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Published in Print: August 13, 2008, as NBPTS Expands Credentialing in High-Need Districts

NBPTS Expands Credentialing in High-Need Districts

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The National Board for Professional Teaching Standards is taking a hands-on approach to foster more board-certified teachers in high-need school districts.

The board’s Targeted High Need Initiative Comprehensive Candidate Support Centers will give resources — both financial and professional — to a handful of partner school systems, teacher colleges, and professional groups such as teachers’ unions so they can create an infrastructure to recruit and train more teachers to become board-certified in districts seeking to raise student achievement.

A past version of the program provided resources to high-need districts to offer support to teachers seeking the credential and to provide them with mentoring from trained board-certified teachers. But under the newer, expanded version, “we will provide aid to a teacher from the beginning [stages of board certification] all the way to their growth as a teacher leader,” said Joyce Loveless, the executive director for program access and equity at the NBPTS.

The private Arlington, Va.-based organization was formed in 1987 to provide recognition for teachers deemed outstanding through a rigorous review process.

The revised support program will focus also on building a professional-learning community made up of board-certified teachers to recruit candidates for the national credential and help those who are already going through the process. Data on program applicants will also be collected to gauge the effectiveness of the support.

At present, 41 percent of board-certified teachers teach in high-need schools, but NBPTS officials say they believe that targeting such areas directly would help further increase that number and close student-achievement gaps. They expect at least 500 teachers to go through the certification process this year under the new initiative.

Some research-based evidence is available that teachers certified by the national board help improve student performance, although researchers are divided on how to characterize the size of the impact. Forty-two states offer incentives to teachers who become board-certified.

Between 2003 and 2007, the NBPTS awarded the credential to 63,800 teachers.

To achieve certification, teachers go through a performance-based assessment that takes one to three years to complete. Teachers are tested on their knowledge of the subjects they teach, and they build portfolios that include student work samples, assignments, video recordings, and thorough analyses of their classroom teaching.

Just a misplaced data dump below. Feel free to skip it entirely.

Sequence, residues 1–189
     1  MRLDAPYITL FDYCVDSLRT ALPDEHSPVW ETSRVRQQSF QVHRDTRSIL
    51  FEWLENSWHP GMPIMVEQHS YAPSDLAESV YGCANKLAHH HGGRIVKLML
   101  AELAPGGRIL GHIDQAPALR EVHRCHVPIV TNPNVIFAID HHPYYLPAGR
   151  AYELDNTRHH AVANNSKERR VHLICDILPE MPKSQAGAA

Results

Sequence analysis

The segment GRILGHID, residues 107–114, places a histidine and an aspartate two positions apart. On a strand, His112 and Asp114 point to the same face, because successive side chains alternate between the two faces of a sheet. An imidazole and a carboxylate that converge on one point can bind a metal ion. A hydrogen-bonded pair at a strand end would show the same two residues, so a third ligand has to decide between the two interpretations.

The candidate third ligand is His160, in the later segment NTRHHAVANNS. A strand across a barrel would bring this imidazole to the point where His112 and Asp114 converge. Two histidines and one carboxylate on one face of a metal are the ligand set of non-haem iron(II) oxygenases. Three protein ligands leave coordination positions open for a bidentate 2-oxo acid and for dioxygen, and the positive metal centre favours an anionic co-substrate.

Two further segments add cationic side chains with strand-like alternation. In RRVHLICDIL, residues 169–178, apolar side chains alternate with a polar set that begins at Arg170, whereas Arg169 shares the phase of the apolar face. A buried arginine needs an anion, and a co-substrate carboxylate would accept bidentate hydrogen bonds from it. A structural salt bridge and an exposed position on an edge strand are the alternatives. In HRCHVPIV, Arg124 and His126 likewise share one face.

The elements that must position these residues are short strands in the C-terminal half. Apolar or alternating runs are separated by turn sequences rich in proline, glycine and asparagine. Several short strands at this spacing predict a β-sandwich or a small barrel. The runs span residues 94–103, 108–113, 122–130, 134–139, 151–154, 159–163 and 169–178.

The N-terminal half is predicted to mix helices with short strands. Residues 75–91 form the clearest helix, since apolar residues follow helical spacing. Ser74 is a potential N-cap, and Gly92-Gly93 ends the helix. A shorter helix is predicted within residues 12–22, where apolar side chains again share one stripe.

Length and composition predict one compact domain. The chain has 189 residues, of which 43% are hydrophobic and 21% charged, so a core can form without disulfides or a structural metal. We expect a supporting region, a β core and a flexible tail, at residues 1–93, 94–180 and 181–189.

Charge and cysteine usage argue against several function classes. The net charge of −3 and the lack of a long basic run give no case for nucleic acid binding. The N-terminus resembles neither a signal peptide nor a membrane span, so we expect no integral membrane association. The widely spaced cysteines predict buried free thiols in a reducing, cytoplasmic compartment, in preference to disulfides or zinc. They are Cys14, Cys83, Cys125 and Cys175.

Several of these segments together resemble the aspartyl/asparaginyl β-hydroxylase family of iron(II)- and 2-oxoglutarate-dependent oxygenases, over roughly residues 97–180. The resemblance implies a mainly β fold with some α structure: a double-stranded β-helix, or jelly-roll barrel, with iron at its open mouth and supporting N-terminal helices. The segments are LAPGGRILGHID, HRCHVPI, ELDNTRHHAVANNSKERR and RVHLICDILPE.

Variety of Stakeholders

Participants in the candidate-support initiative this year include the Clark County school district in Nevada, where Las Vegas is located; Coppin State University in Baltimore; Jackson State University in Jackson, Miss.; the Prince George’s County school district in Maryland; and the Washington Education Association in Washington state.

“We wanted a variety of stakeholders to be represented. We don’t want this to be seen as a one-size-fits-all approach,” Ms. Loveless said.

She pointed out that one of the pieces of the program is to ask the participating sites to leverage resources and community partners to sustain it once NBPTS involvement ends after three years. The NBPTS, which will provide some money to each district, is setting aside $500,000 for the initiative.

In the 129,000-student Prince George’s County district, 180 teachers have enrolled this school year to pursue certification under the initiative, said Pamela Shetley, the supervisor of the district’s National Board Certified Teacher Leadership Development Office.

Ms. Shetley said the past version of the initiative proved helpful to the district. During the three years it was in place, the number of board-certified candidates tripled from 60 to 180.

“Our goal is to have nationally board-certified teachers in every one of our [207] schools,” Ms. Shetley said.

Besides helping the district mount a more aggressive drive to recruit candidates for certification, she said, the grant has helped pay for the creation of a teacher-leadership program to provide support to candidates and build the mentoring, coaching, and leadership skills of teachers.

A networking feature is also now available to teachers undergoing certification, enabling them to get together to discuss topics of interest, Ms. Shetley added. Candidates also get one-on-one mentoring from board-certified teachers and attend professional-development workshops, among other benefits.

Vol. 27, Issue 45, Page 8

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